From the Wards
Leave a comment

Treating the Patient, Not the Disease

The hospital unit was silent other than the occasional beeping of the telemetry monitors. The nighttime staff’s chatter grew fainter with each hour. The evening had set in hours ago. I had completed all of my assignments except for one: a patient I had yet to see — a teenage girl with a severe skin condition who was also suffering from depression.

“Come in,” a gentle voice called out before I could finish knocking. She ended a conversation on her phone as soon as I came in. I introduced myself and apologized for interrupting her call. She reassured me not to worry as she spoke to that person often. This relieved me.

I knew she was in a difficult legal situation that was taking an emotional toll on her. After learning that she had few visitors, I asked about her depression and how she was coping. As she spoke, I could not help but think about the degree to which her social isolation was worsening her symptoms.

Looking around the room, there was no doubt that she had been living in the hospital for far too long. Piles of worn clothes and used notebooks were scattered across the room. However, hidden underneath the clothes were several instruments. Her face beamed as soon as I asked her about her musical hobbies. Soon enough, we were chatting about her songwriting aspirations, school and her career goals.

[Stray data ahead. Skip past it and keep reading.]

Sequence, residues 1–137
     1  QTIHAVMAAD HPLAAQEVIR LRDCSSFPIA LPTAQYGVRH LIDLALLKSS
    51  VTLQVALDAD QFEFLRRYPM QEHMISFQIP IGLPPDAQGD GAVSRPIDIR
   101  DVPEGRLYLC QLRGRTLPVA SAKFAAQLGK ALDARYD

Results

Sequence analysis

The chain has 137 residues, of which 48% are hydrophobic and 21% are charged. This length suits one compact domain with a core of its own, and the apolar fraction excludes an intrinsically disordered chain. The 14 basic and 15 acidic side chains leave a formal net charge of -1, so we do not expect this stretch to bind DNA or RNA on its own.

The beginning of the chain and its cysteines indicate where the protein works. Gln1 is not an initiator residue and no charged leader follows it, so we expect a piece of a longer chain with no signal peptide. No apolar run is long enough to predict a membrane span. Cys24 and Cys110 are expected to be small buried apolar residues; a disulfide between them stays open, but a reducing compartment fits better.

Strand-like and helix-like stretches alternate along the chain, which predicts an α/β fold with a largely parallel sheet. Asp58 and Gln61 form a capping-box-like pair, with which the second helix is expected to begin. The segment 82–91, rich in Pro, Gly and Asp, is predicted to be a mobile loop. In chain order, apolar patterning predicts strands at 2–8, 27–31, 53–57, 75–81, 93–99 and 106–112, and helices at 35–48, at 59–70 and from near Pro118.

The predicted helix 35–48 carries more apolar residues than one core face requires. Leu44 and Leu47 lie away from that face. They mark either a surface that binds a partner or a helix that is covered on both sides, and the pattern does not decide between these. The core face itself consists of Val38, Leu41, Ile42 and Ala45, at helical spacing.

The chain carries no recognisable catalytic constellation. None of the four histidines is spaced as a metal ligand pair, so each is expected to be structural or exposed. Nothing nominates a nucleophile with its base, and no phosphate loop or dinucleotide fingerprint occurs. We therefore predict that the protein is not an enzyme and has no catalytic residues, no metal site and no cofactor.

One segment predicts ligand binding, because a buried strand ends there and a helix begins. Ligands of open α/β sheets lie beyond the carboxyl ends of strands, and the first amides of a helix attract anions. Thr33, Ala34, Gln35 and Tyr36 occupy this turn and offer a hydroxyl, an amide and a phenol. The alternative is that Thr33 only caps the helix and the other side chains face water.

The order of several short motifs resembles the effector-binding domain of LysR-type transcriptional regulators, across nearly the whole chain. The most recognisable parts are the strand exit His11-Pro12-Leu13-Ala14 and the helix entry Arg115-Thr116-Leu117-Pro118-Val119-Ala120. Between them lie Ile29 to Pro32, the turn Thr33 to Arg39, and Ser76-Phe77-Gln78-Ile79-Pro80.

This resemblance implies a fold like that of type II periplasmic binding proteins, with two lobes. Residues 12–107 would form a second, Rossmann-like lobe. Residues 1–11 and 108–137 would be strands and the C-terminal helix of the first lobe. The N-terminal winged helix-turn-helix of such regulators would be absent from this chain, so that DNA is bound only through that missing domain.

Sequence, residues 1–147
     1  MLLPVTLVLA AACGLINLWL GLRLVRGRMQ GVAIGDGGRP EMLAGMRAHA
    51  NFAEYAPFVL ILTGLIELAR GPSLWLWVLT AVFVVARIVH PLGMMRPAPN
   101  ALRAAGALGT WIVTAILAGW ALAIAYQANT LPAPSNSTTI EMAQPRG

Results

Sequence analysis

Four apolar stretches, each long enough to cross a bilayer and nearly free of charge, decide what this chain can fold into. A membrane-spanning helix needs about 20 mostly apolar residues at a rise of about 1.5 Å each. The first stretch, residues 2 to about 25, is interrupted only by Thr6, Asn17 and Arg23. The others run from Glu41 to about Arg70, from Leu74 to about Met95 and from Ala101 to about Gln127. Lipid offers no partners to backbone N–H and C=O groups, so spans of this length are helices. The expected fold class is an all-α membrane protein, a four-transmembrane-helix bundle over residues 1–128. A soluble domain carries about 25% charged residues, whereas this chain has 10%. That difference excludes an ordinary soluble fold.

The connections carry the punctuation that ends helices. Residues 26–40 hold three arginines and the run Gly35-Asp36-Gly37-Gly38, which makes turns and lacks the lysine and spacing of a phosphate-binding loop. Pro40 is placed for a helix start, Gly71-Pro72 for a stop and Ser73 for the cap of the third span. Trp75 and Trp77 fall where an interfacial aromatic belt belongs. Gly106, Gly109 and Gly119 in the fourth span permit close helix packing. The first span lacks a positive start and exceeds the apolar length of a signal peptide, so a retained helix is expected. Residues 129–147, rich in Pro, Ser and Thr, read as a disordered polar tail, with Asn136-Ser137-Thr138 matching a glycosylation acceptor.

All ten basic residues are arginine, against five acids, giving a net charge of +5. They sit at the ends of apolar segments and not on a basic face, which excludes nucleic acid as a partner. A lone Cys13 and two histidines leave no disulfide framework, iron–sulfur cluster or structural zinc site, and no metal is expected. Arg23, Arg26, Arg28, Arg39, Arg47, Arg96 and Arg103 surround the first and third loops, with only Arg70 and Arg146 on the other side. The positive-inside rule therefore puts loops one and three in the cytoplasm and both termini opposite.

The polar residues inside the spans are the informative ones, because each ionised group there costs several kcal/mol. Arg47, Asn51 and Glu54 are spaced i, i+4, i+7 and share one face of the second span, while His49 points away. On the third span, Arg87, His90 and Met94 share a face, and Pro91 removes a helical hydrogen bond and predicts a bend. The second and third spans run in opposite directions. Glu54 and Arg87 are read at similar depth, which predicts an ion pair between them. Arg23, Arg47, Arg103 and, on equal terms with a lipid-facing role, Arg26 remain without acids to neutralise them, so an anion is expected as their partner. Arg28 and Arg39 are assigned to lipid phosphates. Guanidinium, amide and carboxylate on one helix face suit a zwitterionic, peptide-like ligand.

Throughout our conversation, she giggled and tucked her hair behind her ears. She remained poised even as she spoke of the challenges she faced. So many systems had failed her, leaving her with no stable home or support network. As our conversation came to an end, I reminded her of how strong and smart she was. She glanced down, hiding her soft grin.

Driving home that night, I felt crushed by all the issues she carried on her shoulders at such a young age. The interwoven nature of her problems was evident as her skin disease and social circumstances took a toll on her mental health. Her skin disease, psychiatric disorder, legal situation and insufficient social support all added layers to the complexity of her case.

There are so many aspects of our patients’ lives that we, understandably, barely address due to time constraints or workload. While I recognize that physicians cannot solve all their patients’ problems, I hope to continue to see my patients’ problems for what they truly are: not just a sum of diseases to manage, but rather fluid components that influence each other and ultimately a patient’s health and well-being. My patient taught me so much more about her health than I would have learned by only reading her chart. In one brief moment that night, she taught me the meaning of treating the patient as a whole, not just the disease.

Nathalie Perez Nathalie Perez (3 Posts)

Contributing Writer

Florida International University

Nathalie is a fourth year medical student at Florida International University in Miami, FL class of 2023. In 2017, she graduated from Florida International University with a Bachelor of Science in biology. She enjoys reading, trying out new recipes, and watching Gilmore Girls in her free time.